Environmental and potentially preventable factors may be the cause of racial disparities in high blood pressure. Previous studies have implicated genetic factors. The current study, reported in BMC Medicine (January 5, 2005), compared the rates of hypertension between African Americans and Caucasians in different populations. The population included blacks in Nigeria, Jamaica, and the United States. For Caucasians, populations in the United States, Canada, and 5 European countries were examined.
If racial origin played a significant role in high blood pressure, then rates for each race would be expected to be about the same no matter where the individuals resided. The researchers, however, found wide variation in rates ranging from 14% for African Americans in some geographic regions to 44% in other places. In the Caucasian populations, the rates ranged from 27% to 55%, depending on the individual's location.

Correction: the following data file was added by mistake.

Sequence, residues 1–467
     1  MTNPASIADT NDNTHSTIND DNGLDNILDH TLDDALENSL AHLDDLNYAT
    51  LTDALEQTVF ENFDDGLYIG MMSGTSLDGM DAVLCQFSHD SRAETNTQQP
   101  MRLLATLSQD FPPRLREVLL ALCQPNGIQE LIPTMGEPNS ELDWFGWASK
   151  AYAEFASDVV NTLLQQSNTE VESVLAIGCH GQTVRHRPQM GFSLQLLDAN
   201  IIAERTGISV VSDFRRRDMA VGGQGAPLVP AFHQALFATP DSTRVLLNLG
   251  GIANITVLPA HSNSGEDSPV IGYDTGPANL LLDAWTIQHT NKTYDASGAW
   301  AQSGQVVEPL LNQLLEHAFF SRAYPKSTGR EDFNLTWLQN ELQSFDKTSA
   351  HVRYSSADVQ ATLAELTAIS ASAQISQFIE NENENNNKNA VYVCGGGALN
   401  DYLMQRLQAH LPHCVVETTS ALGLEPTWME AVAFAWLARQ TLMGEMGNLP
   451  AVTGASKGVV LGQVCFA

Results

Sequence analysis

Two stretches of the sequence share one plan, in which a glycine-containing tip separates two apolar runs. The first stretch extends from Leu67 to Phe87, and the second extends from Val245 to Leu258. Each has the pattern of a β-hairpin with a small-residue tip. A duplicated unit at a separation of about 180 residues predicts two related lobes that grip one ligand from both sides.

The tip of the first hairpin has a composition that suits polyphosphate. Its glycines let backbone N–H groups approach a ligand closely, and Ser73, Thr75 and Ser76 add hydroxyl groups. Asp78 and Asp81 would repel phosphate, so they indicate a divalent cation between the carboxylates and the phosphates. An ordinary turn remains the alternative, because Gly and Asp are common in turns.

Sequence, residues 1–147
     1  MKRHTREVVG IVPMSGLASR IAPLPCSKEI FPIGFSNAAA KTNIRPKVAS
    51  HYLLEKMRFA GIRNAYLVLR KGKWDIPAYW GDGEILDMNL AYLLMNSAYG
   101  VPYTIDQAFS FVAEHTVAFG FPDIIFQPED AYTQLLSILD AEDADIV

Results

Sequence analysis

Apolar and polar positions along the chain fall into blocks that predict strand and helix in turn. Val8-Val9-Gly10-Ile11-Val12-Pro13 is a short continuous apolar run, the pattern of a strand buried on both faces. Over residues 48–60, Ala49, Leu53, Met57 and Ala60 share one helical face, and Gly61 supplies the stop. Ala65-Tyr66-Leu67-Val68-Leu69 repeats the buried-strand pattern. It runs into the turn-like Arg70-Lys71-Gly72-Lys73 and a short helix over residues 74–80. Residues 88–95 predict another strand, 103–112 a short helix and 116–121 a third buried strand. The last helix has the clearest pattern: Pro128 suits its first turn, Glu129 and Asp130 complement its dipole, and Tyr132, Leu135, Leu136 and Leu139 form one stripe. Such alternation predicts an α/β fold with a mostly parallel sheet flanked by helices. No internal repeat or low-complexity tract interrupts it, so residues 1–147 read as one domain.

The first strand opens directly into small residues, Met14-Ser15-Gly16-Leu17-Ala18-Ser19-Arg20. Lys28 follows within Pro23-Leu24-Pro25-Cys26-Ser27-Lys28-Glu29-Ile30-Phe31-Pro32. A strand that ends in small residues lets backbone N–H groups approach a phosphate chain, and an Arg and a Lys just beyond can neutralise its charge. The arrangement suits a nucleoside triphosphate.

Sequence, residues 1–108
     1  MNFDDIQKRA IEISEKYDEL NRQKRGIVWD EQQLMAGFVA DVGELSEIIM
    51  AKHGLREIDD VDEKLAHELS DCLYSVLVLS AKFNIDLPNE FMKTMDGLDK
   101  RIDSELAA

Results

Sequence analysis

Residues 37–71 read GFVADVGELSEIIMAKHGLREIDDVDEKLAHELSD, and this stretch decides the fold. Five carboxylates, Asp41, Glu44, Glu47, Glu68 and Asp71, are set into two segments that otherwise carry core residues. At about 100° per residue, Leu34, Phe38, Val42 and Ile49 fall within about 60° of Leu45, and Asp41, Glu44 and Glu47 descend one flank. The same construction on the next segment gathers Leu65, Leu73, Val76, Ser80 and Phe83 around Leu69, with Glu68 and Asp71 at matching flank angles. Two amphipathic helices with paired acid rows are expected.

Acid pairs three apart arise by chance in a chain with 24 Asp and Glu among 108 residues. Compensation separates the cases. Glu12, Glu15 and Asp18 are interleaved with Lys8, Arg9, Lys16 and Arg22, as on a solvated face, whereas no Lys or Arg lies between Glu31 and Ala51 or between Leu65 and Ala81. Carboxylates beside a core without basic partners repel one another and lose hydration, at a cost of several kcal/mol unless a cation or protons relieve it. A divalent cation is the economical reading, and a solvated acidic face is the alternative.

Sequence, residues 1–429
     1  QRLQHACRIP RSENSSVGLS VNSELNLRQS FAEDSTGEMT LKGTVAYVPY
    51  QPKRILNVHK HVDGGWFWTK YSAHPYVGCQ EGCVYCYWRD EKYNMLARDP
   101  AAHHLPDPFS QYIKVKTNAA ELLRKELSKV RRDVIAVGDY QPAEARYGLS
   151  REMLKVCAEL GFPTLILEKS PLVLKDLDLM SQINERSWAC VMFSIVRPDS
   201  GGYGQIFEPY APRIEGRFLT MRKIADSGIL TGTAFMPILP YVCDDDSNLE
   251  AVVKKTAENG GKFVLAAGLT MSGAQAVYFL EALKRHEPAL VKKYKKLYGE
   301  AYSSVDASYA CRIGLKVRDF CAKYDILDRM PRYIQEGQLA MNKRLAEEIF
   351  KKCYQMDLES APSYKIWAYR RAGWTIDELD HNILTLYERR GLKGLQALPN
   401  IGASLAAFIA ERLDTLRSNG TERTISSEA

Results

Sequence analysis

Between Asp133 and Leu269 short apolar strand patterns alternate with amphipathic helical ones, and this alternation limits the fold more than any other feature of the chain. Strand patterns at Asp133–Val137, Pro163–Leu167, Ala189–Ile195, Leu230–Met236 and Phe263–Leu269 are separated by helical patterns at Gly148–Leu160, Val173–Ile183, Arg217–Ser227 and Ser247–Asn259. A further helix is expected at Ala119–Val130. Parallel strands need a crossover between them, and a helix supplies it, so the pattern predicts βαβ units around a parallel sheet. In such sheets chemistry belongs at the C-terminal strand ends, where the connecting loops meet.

Specifically, the lowest rate of high blood pressure (13.5%) was among blacks in Nigeria, while the highest (55.3%) was among Caucasians in Germany. The African American population had higher rates for individuals living in more industrialized places. The study found Nigerians had a rate of 13.5%, Jamaicans had a rate of 28.6%, and blacks in the United States had a rate of 44%.
Although the annual HIV diagnosis rate between 2010 and 2014 decreased for black individuals by 16.2%, blacks remain disproportionately affected by HIV/AIDS.
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